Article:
The correct time interval is the interval that occurs between successive pointer position updates and (identically) the correct rate is the rate at which the pointer position is updated.
In Windows, the mouse position is updated every time mouse movement counts are sent from the mouse to the PC.
The correct rate to use is the Mouse Bus Update Rate.
A moving mouse connected via a PS/2 bus typically sends movement counts 100 times each second (100 Hz).
A moving mouse connected via a USB bus typically sends movement counts 125 times each second (125 Hz).

How to measure "Distance" for the on-screen pointer?

Windows stores and uses an assumed screen resolution, in Dots Per Inch (DPI) in the Control Panel>Display Properties>Settings>Advanced dialog.
That Screen Resolution (DPI) can be used like so:

DistancePointer = PixelsPointer

Putting all of the formula together, we get this formula for pointer velocity:

VPointer = PixelsMouseBusUpdate × MouseBusUpdateRate

The formula above is the formula that SHOULD have been used.
At this point, the team within Microsoft designing and implementing the mouse acceleration got confused.
This confusion is documented in Microsoft's website here:
Pointer Ballistics for Windows XP

The section titled "Relating to Physical Units" indicates that an incorrect formula for Vpointer was used:

VPointer = PixelsMouseBusUpdate × ScreenUpdateRate

Compared to the correct formula, note that ScreenUpdateRate is used where MouseBusUpdateRate should have been used instead.

Using ScreenUpdateRate in the formula would have been appropriate IF the pointer position was updated every screen refresh.
HOWEVER, the pointer position IS NOT updated every screen refresh; it is updated on every mouse bus update.

Of course, it could have been that the Microsoft team had only been imprecise with their formula.
HOWEVER, the example in that section also shows that they have used their incorrect formula: a correct examination of their example gives a physical to virtual gain of 5, NOT the 3 that they calculate.

Of course, it could have been that the Microsoft team had only been imprecise with their formula, AND also clumsy with their example.
HOWEVER, examination of the actual mouse behaviour in Windows XP and Windows Vista shows that they DO have the incorrect ScreenUpdateRate term in their algorithm, AND WORSE!

Considering again the correct formula for Vpointer and rearranging and solving for Pixels:

PixelsMouseBusUpdate = VPointer × ScreenResolution

Let's examine this formula.
Suppose a monitor having a high resolution (a high DPI, in other words, a small pixel size/pitch).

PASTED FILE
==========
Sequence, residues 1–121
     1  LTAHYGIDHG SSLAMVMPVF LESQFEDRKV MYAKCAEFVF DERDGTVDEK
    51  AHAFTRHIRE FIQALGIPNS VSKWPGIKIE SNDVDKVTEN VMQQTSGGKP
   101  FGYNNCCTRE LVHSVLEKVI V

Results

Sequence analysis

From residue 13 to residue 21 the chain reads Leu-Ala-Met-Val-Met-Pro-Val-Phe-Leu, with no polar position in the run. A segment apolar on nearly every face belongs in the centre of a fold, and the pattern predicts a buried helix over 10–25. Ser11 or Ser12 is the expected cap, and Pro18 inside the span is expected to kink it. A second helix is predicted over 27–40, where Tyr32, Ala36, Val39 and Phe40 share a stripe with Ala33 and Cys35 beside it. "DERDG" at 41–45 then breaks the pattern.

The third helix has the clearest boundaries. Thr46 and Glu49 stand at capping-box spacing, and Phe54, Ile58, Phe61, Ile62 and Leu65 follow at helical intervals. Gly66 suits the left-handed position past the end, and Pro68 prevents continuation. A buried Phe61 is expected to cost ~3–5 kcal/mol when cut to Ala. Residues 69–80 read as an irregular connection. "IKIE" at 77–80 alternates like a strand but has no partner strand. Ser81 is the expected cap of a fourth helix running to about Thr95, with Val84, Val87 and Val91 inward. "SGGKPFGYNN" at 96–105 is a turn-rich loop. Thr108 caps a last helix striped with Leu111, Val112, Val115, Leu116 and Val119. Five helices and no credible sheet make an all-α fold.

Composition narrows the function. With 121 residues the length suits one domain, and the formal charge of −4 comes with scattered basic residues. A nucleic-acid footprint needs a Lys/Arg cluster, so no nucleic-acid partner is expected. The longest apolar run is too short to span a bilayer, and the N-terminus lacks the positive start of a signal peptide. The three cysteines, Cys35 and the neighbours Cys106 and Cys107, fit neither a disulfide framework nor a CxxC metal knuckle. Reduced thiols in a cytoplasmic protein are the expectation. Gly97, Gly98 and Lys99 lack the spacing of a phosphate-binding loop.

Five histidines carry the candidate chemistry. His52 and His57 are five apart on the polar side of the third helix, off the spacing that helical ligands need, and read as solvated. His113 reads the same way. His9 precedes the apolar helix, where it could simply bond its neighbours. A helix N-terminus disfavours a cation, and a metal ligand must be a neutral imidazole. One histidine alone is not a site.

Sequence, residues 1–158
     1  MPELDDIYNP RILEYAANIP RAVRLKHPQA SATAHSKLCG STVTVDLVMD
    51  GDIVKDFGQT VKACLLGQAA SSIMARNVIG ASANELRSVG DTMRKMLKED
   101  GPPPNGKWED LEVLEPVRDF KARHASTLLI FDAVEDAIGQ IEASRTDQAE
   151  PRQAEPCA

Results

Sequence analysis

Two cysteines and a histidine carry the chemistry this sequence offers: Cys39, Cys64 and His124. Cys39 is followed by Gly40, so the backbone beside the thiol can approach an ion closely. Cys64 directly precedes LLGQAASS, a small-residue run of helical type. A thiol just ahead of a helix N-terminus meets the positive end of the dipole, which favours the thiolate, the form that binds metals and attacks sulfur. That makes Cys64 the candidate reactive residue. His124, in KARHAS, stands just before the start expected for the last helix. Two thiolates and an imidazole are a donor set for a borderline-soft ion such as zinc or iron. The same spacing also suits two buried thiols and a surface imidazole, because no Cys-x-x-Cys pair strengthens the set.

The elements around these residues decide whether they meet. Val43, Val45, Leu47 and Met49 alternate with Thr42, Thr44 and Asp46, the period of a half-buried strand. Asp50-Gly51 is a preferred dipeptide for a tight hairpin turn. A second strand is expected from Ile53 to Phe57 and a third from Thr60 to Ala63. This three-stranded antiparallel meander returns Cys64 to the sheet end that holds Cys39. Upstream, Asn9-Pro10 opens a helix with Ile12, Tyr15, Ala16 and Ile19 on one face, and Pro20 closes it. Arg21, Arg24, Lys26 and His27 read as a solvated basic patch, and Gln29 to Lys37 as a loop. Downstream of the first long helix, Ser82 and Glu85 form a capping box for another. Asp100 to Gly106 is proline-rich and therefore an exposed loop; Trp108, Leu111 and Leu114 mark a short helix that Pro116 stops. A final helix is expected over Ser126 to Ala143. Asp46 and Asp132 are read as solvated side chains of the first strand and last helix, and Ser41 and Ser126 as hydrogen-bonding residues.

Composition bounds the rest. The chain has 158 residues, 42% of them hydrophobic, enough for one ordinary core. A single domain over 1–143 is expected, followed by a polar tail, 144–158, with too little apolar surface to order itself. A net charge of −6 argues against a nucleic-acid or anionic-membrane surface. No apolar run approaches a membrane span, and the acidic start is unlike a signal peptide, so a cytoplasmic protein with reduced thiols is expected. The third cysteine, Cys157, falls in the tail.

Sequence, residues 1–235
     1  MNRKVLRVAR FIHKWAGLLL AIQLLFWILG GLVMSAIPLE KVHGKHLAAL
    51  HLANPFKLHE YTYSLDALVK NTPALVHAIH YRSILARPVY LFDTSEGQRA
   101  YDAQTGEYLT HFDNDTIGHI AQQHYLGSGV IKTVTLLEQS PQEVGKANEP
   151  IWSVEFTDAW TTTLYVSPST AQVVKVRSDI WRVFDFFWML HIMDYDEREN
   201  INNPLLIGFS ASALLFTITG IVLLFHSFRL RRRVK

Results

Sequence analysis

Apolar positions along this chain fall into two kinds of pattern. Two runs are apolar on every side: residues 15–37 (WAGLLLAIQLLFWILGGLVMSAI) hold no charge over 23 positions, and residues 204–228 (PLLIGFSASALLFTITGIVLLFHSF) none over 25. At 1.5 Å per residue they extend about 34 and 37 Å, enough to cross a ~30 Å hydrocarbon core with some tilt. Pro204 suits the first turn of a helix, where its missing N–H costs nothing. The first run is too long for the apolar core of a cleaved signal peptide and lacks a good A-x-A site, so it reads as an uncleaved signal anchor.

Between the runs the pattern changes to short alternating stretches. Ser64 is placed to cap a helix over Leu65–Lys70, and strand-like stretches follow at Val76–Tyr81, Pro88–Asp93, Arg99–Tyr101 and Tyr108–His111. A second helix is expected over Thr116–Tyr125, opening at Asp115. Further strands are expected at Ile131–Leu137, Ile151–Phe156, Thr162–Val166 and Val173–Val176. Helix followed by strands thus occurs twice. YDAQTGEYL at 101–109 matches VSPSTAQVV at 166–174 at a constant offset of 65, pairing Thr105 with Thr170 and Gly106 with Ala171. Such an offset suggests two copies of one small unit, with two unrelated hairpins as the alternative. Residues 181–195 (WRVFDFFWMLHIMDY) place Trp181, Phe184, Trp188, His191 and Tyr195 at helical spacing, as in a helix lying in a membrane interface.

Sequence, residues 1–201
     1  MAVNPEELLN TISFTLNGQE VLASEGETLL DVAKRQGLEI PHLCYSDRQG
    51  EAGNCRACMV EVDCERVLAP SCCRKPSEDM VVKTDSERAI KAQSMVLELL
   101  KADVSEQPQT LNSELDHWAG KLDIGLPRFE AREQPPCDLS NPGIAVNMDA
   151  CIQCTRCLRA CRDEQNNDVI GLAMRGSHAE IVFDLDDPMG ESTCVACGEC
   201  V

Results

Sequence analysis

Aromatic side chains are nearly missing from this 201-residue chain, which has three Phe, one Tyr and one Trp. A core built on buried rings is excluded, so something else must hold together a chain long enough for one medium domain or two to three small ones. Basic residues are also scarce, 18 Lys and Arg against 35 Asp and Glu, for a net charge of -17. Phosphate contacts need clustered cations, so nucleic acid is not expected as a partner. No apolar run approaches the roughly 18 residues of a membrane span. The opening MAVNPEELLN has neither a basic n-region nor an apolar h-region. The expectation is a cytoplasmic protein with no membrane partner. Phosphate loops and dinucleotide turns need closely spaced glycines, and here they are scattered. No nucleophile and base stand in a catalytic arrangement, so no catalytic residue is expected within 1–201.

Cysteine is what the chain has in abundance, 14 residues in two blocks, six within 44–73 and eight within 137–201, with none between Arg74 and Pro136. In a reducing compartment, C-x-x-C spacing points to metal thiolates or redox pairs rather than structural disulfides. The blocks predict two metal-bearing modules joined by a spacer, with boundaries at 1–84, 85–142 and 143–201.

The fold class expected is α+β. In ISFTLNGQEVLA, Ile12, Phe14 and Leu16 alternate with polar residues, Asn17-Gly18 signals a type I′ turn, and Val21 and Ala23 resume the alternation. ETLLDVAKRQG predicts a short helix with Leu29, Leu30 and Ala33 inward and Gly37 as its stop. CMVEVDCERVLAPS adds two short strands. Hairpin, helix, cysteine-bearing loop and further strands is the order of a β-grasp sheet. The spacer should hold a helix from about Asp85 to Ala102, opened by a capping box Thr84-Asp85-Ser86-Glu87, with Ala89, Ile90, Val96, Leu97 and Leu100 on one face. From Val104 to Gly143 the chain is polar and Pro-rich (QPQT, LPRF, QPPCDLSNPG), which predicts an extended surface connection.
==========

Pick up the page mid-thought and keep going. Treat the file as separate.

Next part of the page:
In order to move the mouse pointer a given physical distance on this high resolution monitor (measured in inches), we would have to move the pointer a LARGER number of pixels, because each pixel is smaller. Note that the formula above MULTIPLIES by ScreenResolution, which will have the desired effect of calculating a LARGER number of SMALLER pixels.

What formula is used by Windows XP and Windows Vista?

Despite the confused formula and example on the Microsoft Pointer Ballistics webpage, one would hope that the correct PixelsMouseBusUpdate formula is used, as above.
One might suspect that a formula that had ScreenUpdateRate instead of MouseBusUpdateRate is used.
However, the formula used is:

PixelsMouseBusUpdate = VPointer × ScreenUpdateRate

Note: rather than multiplying by ScreenResolution, the formula divides by ScreenResolution.
Rather than divide by ScreenUpdateRate (or MouseBusUpdateRate) the formula instead multiplies by ScreenUpdateRate.

Consider again the monitor having a high resolution (a small pixel size/pitch).
Rather than compensating for the small pixel size, the formula used amplifies the effect of a small pixel size: For a high resolution monitor, Windows XP and Windows Vista move the mouse pointer a SMALLER number of SMALLER pixels which is undesirable.

Also undesirable is that how far and how fast Windows XP and Windows Vista move the mouse pointer, depends upon the screen refresh rate.
(The Microsoft team put screen refresh rate in their formula because they wanted to REMOVE any possible effect that screen refresh rate might have had on mouse pointer movement, but instead they ADDED an undesirable effect.)

How could this problem have remained unfixed for so long?

Consider a typical monitor with a refresh rate of 75 Hz and 96 DPI, and a typical mouse with a USB bus update rate of 125 Hz.
The correct PixelsMouseBusUpdate formula calculates ScreenResolution/MouseBusUpdateRate = 96/125 = 0.768.
The "out of sync and upside down" formula that Windows XP and Windows Vista use calculates ScreenUpdateRate/ScreenResolution = 75/96 = 0.78125.
These two numbers differ by less than 2%.

Might the Microsoft team have jumped directly to the incorrect ScreenUpdateRate ÷ ScreenResolution calculation and then not realised the mistake?

Might they have started with ScreenResolution ÷ ScreenUpdateRate and realised something was wrong and then "fixed" it by inverting the numerator and divisor?

We may never know.

A silly flash toy...

The real reason why mouse acceleration is broken? [link]